Schizophrenia has a complicated relationship to addiction. It used to be thought that drugs such as marijuana and LSD could cause schizophrenia. Now it appears that they only precipitate symptoms in people who already have a genetic predisposition to schizophrenia. Nevertheless, schizophrenia also increases your risk of addiction, both through self-medication and through mechanisms that have yet to be identified. Unfortunately, like other conditions, drugs and alcohol only end up making symptoms worse.
Attention deficit/hyperactivity disorder, or ADHD, increases your risk of addiction in several ways. Because people with ADHD tend to be impulsive, they are more likely to try addictive drugs without thinking about consequences, so their exposure is greater. They also tend to have trouble in a traditional academic setting, leading to poorer grades and social alienation, both of which are risk factors for developing addiction. People with ADHD also tend to experiment with drug use in search of novel experiences and after age 14 their rates of drug and alcohol use increased much faster than average. They also may use alcohol to dampen racing or intrusive thoughts. All of these factors make ADHD a significant risk factor for addiction.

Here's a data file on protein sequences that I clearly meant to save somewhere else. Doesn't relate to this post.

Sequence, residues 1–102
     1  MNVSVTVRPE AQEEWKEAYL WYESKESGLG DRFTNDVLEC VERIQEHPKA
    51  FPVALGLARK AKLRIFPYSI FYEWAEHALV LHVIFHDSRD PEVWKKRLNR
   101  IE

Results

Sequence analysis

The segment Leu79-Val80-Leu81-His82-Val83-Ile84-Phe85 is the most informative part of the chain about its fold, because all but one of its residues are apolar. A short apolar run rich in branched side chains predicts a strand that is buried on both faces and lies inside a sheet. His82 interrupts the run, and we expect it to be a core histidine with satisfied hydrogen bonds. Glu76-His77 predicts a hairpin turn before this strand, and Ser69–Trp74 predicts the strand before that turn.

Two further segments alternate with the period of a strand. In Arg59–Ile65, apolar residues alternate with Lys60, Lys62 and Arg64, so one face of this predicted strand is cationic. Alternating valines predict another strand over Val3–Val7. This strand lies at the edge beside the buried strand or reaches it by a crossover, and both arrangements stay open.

Bipolar disorder is often mistaken for depression because the depressive episodes are longer than the manic episodes, and no one goes to the doctor because of a manic episode. Often manic episodes don’t even feel particularly manic; they just feel like a break in the depression, so someone with undiagnosed bipolar disorder might not even mention the manic episodes to the doctor. Unfortunately, depression medication does not always work for bipolar disorder and may trigger manic episodes. As a result, people with bipolar disorder may just struggle with what they believe is stubborn depression. In fact, it takes an average of 10 years for bipolar to be correctly diagnosed. In the meantime, people with bipolar often self-medicate with drugs and alcohol. Bipolar also makes addiction treatment difficult because a manic episode may make them want to leave because they no longer feel like they need treatment.
If you or a loved one struggles with addiction, we can help. Recovery Ways is a leading addiction treatment provider with an excellent recovery rate. We have the facilities and expertise to treat dual diagnoses. Our expert staff includes masters and PhD level therapists and board certified addiction psychiatrists. Our comfortable facilities will help to make your treatment as enjoyable as possible and our therapists use proven techniques like sensory integration and recreation therapy to help to engage the world without the assistance of drugs or alcohol. Call us today at 1-888-986-7848 or email us through our contact page to learn more.